Thursday, 13 December 2007


Schools face "snap" visits from Ofsted in a toughening-up of the inspection regime, the Daily Mail writes. Under the proposals, heads will no longer get two days' notice of an inspection - preventing staff sprucing up classrooms and rehearsing lessons. Parents will also be able to trigger inspections outside the usual threeyear cycle under plans to make the service more responsive to local concerns.

The Chief Inspector of Schools Christine Gilbert told MPs that the spot checks could be introduced as early as 2009. She warned that too many schools are still offering inadequate teaching. The crackdown follows warnings from the Commons Education Select Committee that Ofsted's regime has become "too light".

In a report earlier this year, MPs warned that pupils could be left to fail in poor-performing schools because the watchdog now spends as little as a day on inspections every three years.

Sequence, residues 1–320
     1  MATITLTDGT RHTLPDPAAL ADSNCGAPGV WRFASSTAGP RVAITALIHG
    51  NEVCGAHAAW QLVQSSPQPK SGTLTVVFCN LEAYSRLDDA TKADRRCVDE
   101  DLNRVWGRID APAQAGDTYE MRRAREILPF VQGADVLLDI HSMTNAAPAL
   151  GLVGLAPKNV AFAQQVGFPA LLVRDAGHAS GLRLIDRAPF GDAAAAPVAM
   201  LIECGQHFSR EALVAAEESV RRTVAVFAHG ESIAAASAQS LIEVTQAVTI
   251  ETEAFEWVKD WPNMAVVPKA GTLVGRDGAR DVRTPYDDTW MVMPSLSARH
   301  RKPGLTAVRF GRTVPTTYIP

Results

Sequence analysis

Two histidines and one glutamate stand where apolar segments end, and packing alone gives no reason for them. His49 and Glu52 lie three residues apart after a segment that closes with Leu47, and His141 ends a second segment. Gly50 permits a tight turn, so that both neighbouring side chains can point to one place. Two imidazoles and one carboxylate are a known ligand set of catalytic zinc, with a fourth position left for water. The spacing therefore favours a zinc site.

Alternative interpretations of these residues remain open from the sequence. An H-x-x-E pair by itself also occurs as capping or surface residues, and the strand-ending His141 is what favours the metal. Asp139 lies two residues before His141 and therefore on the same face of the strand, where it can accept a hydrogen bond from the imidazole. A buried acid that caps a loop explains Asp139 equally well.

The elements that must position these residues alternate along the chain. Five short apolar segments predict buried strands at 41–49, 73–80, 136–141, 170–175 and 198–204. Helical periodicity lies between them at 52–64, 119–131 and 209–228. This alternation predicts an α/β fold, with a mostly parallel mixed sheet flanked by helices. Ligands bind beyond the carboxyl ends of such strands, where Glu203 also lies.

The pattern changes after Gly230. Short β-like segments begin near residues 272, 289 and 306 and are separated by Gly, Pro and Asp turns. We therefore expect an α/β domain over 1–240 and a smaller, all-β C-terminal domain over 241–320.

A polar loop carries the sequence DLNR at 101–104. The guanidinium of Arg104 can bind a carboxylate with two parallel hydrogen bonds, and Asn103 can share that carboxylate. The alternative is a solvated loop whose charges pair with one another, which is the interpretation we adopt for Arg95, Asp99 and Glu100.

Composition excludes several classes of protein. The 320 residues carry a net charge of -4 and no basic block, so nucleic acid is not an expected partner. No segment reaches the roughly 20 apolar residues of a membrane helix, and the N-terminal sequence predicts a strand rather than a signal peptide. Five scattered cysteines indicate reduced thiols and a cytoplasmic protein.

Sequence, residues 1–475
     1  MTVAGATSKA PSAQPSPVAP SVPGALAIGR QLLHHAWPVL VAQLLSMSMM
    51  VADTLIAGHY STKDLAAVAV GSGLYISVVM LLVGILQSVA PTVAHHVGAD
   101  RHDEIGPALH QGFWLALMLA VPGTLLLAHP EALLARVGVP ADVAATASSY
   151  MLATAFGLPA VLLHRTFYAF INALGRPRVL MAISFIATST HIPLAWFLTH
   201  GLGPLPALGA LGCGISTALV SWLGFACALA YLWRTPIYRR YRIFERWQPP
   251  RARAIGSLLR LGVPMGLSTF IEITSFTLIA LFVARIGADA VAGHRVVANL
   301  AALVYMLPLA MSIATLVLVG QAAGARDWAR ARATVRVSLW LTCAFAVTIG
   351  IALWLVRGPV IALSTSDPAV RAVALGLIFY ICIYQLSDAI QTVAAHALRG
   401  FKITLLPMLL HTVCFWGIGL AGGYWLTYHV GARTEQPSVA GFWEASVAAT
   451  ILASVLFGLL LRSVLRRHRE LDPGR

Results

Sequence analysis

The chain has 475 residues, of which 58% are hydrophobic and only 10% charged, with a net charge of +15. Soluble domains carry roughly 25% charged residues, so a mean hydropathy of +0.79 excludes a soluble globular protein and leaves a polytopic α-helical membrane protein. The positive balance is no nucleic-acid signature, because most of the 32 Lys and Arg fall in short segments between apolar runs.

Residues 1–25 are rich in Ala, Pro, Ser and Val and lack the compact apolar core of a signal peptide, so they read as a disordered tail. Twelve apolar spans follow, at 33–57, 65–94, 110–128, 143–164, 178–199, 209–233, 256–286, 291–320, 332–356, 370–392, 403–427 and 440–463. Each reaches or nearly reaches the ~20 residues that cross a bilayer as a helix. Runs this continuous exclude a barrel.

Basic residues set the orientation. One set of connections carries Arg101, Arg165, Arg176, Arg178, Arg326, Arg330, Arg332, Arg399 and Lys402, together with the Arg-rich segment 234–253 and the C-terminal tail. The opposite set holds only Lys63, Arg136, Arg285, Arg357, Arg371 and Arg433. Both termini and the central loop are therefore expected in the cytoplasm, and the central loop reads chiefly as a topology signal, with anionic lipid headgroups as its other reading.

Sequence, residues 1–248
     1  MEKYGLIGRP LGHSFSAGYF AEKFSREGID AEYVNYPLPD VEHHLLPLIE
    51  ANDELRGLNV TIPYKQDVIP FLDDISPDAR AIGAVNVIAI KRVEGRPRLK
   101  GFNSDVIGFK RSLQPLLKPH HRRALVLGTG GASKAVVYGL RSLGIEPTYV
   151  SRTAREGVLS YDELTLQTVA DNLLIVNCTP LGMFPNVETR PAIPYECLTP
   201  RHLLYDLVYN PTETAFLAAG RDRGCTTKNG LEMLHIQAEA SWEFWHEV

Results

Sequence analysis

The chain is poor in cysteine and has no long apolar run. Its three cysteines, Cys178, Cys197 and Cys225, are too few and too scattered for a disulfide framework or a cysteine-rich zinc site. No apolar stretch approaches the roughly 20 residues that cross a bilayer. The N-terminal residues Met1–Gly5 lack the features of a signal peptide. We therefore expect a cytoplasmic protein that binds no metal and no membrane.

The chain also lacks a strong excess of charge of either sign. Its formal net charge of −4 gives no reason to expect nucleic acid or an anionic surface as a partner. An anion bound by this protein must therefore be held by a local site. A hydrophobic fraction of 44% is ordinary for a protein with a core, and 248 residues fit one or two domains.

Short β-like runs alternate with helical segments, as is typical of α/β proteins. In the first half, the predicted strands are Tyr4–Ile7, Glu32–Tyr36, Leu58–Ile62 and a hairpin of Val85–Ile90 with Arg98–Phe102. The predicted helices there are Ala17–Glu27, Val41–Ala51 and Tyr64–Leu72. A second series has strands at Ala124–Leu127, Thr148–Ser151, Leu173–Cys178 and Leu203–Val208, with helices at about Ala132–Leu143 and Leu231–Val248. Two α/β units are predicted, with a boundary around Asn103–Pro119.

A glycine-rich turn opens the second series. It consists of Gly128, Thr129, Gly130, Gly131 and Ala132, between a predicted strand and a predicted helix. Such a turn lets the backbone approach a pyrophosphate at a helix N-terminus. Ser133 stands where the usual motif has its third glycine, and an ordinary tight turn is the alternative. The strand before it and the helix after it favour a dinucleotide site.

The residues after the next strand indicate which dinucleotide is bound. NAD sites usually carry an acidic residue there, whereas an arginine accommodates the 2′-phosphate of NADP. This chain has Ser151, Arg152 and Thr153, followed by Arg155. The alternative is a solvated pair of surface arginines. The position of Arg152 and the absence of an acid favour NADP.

Giving evidence to the committee, now called the Schools Select Committee, Mrs Gilbert said: "We are considering representations from parents and pupils that inspections should take place without any prior notice. At the heart of any new arrangements will be the observation of teaching and learning by skilled and knowledgeable inspectors."

Currently, "lightning" inspections with no notice take place only when there are serious concerns for the health or the wellbeing of pupils.

Dr John Dunford, of the Association of School and College Leaders, warned the changes would make little difference. He said: "Ofsted should consider the bigger question of whether to do away with mandatory inspection altogether." Shadow children's spokesman Michael Gove said: "I'm delighted Ofsted is seriously considering our suggestion that they should do surprise inspections, not give notice."

I think that this is a good idea. It will give a much more realistic picture of a school and all the different things that take place. It will reduce all the stress beforehand. It must be understood by the inspectors that sometimes Maths and English aren't taught in school every day, and that people will get nervous.

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